- Low price
- Additional chipping net
- Ease of assembly
- Construction not of highest quality
JEF World of Golf Ultimate Training Net
This 7 feet by 9 feet net is easily portable, making it a good option for indoors or outdoors, or even on the road. Made of nylon and fiberglass, this net is plenty durable. Like some others on this list, this net can do extra duty for other sports.
The target on this net is removable.
- Easy setup
- No ball return
Galileo Golf Net
This is a fully contained set that is a good choice for those seeking the intersection between bargain-hunting and quality. The support rods are made of fiberglass. That is not as sturdy as iron pipe, but also will not rust and is much lighter.
The net is designed for the ball to gently roll down the netting to the floor without bouncing. While that is not a true ball-return system, it does make for easy retrieval.
The company says this net can be set up in two minutes. That set-up time, combined with a carry bag, makes this a portable set.
- Company offers 60-day returns and lifetime warranty on parts.
- Is self-contained and lightweight
- Is portable
- Not as sturdy as other nets
This golf practice net gets high reviews on Amazon and it is easy to see why. It rivals The Net Return’s Home Series nets in performance and quality, all at less than half the price.
Like the other high-end nets, the Spg-7 sports an automatic ball return. This one promises to return the ball to you without the ball ever hitting the ground. It also has a noise-reduction target. Those two features ensure quiet performance that your neighbors or housemates will love.
It comes with two circle targets to practice your chipping. It has a large five-foot by five-foot target area for full shots.
If the seven-foot high net does not give you enough confidence, then you can order a roof attachment that extends the height to nine feet.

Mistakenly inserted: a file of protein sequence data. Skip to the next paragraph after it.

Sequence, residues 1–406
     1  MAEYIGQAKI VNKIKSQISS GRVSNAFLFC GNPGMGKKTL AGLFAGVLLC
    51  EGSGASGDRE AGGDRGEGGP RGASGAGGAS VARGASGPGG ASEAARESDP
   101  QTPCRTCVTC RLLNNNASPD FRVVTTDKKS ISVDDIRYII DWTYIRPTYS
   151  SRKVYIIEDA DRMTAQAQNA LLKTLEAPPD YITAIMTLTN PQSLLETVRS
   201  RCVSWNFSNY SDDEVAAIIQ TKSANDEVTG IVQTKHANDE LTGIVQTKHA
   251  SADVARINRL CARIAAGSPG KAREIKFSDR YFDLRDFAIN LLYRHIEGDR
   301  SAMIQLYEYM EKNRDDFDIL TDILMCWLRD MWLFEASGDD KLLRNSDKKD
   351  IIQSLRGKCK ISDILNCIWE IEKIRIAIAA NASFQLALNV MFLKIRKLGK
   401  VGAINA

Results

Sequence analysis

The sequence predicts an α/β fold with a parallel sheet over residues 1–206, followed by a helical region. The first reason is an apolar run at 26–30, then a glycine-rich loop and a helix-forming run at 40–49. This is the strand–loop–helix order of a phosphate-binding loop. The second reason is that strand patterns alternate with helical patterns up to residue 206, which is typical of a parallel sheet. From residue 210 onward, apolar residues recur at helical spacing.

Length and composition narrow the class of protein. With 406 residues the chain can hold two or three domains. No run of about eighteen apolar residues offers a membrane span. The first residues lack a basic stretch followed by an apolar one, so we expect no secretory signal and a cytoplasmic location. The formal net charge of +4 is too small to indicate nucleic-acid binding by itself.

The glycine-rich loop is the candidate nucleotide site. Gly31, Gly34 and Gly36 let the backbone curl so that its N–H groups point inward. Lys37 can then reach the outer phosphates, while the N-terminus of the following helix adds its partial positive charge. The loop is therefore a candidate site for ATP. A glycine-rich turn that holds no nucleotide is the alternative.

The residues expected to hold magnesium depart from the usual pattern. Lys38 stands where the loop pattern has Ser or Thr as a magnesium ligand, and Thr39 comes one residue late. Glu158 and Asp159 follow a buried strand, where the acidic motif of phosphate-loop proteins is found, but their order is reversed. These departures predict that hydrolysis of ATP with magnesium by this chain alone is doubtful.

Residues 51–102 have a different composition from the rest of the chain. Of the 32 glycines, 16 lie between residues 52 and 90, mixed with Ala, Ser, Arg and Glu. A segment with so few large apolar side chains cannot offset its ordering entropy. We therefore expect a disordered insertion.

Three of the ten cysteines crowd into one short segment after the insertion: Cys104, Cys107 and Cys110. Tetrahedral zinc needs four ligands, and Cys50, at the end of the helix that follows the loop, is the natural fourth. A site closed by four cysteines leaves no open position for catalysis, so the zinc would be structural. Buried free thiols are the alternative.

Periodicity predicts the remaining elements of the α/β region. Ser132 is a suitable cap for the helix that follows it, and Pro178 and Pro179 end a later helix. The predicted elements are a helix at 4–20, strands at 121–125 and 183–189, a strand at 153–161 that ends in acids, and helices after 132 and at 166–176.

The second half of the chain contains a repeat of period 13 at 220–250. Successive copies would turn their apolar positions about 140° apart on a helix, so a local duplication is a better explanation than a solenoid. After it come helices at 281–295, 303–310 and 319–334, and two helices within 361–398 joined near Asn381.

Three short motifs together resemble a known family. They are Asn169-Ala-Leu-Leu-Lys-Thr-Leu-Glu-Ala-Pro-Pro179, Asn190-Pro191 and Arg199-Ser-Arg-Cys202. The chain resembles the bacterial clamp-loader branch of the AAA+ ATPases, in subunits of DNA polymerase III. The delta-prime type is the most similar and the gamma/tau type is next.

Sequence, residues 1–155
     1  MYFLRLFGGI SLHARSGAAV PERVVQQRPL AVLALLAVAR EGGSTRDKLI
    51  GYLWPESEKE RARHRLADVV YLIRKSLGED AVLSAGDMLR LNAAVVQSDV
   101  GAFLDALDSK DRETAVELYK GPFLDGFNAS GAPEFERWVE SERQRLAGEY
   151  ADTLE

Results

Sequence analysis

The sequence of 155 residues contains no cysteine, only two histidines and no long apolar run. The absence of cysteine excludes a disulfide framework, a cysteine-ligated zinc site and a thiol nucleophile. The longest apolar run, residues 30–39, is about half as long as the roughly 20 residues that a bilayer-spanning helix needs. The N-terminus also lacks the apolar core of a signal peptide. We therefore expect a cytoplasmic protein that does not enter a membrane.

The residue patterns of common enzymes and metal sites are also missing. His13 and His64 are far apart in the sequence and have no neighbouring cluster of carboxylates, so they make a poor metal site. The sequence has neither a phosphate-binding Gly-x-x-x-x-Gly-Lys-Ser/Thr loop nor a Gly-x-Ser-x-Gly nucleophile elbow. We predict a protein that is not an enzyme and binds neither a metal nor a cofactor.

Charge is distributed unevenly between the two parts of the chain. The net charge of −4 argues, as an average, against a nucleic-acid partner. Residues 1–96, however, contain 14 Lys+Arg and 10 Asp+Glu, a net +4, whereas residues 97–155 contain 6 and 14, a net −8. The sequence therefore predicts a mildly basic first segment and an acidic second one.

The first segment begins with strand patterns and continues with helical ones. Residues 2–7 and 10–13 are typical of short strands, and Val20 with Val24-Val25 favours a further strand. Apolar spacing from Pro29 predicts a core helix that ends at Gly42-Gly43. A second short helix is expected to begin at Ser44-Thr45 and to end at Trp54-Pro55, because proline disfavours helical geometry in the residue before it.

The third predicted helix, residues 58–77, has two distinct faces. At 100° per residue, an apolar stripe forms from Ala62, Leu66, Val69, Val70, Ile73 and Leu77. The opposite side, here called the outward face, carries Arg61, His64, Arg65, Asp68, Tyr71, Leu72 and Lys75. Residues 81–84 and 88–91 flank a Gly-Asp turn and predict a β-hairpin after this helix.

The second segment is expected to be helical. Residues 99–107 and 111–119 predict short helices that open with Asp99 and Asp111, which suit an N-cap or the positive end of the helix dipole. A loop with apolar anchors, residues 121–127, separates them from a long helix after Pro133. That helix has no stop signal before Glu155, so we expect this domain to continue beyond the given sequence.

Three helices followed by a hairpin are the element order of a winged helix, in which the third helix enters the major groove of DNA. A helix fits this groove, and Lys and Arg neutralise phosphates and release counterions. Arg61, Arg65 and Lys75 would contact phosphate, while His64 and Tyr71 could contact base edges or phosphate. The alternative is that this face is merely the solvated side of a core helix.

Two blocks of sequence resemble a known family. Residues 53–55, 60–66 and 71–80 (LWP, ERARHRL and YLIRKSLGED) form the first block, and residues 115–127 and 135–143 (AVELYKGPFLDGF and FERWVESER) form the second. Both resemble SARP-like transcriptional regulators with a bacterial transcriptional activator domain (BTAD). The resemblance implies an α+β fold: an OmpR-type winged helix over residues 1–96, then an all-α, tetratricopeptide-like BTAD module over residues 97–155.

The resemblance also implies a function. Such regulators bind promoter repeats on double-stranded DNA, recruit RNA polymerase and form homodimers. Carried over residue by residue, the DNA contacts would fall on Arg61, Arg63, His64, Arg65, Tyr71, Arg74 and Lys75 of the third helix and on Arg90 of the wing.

- Great value
- Automatic ball return
- Sound deadening
- Would be better to get higher net without adding roof
Dura-Pro Golf Cage
This is an actual cage, and not just a net to hit into. At 10 by 10 by 10 feet, none of your wayward shots are making it out of this monster. A baffle in the form of two separate nets at the back prevents even the most forceful drives from escaping.
This cage is great for many other sports, so if you have kids who play other sports, this fits the bill.
There is one rather large downside. The cage does not come with the steel conduit needed for the frame. You will need to purchase 12 of those 10-foot sections separately.
- Huge size will capture any shot
- Baffle helps keep shots from escaping
- Versatile for other sports
- Steel conduit not included
The Quickster gets its name from the quick setup, which allows for great portability. The height on this net is adjustable from six to eight feet.
The company promises it can be erected in just 90 seconds. That may well be true. The downside to that quickness is that it relies on four ground stakes to ensure stability. That makes this one a poor choice for indoors.
- Super quick to erect
- Adjustable height
- Needs stakes to maintain stability
The wide range of options you have for practice nets, everything from a full cage to those intended just for chips and pitches, can make your choice difficult.
Those included here offer a narrower range, all allowing for full swings. Even then, you have plenty to choose from. Which one is right for you?
If you want the best of all worlds without regard to price, The Net Return’s Pro Series is your best bet. Second in this category is likely Spornia’s Spg-7.
If you are looking for better value, try the Rukket Haack Golf Net.
If you want a full outdoor cage, Dura-Pro’s Golf Cage is as good as it gets. Be aware you will need to purchase support poles separately.
Several of the other choices can be good for those on a budget, or who are not yet ready to commit to the game.